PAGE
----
"JOOP: A NOVEL OF ANNE FRANK," by Richard Lourie, Thomas Dunne Books, 182 pages, $13.95 (softbound)
Of the 6 million Jews who were killed by the Nazis in World War II, Anne Frank is perhaps the most famous. Little did the aspiring young writer know that her diary would become one of the most read books in the world.
While the fate of Anne, her family and the others who were in hiding with them is well-known, the identity of their betrayer has never been discovered. Author Richard Lourie offers a fictional account of what might have happened in "Joop: A Novel of Anne Frank."
Joop, an old man living in present-day Amsterdam, is surprised by a visit from his estranged younger brother, who moved to America shortly after the end of World War II with their mother.
During their visit, Joop offers a surprise of his own — he says he knows who betrayed the Frank family to the Nazis. And the news hits close to home.
Joop recounts life during the Nazi occupation. He tells how things weren't so bad at first — their uncle joined the Dutch Nazis and the Germans "couldn't be nicer." But slowly things worsen. The war drags on and food becomes more expensive and then almost impossible to obtain.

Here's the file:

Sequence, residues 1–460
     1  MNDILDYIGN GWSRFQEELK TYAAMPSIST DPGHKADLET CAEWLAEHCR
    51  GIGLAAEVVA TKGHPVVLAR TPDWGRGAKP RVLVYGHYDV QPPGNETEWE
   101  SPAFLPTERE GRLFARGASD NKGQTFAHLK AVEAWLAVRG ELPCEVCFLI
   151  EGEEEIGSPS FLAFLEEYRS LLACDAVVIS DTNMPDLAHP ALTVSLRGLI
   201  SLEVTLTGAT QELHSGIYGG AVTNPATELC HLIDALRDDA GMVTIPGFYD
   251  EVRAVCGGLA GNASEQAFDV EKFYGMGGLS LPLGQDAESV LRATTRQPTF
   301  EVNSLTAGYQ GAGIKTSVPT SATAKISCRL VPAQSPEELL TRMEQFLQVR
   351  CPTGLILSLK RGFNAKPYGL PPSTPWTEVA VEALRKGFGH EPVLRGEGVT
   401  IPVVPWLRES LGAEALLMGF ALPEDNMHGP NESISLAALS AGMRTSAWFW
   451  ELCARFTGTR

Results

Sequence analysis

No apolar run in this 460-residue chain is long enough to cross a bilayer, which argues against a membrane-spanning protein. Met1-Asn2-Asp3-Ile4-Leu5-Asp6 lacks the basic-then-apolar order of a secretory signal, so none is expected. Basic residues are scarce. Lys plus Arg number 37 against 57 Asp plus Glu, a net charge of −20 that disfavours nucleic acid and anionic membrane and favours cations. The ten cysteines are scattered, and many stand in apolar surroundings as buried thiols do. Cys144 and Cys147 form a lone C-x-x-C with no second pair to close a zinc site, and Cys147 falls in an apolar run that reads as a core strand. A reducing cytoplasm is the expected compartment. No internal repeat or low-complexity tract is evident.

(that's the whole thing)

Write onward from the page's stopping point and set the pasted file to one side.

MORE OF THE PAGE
Among Joop's greatest desires was to find favor with his parents, his father in particular. When his father becomes ill and can no longer work, it falls to Joop, who is a young teenager, to provide for the family.
After trying a number of schemes, Joop finds a way to feed his family. Seeing no other options, Joop makes a fateful decision. And in doing so, he unwittingly changes the fate of his family and the lives of millions of people living and yet to be born.
"Joop," which was published in hardcover in 2007 as "A Hatred for Tulips," is not so much about Anne Frank as it is about a family's struggle to survive in Amsterdam during the 1940s. It's a study in how, when faced with the death of a loved one, rules of society can slowly slip out the window.
"Joop" is not necessarily a young adult book, but it reads like one — easy, clear and short at 182 pages, which makes it a good read for older teens and adults alike. Lourie's simple but distinctive prose suits his protagonist as he grows from innocent youth to jaded adult, making Joop a sympathetic and intriguing character.
Most importantly, Lourie makes the reader think. In his world things are not in black and white. The reader is forced into an uncomfortable situation and asked, "What would you do?"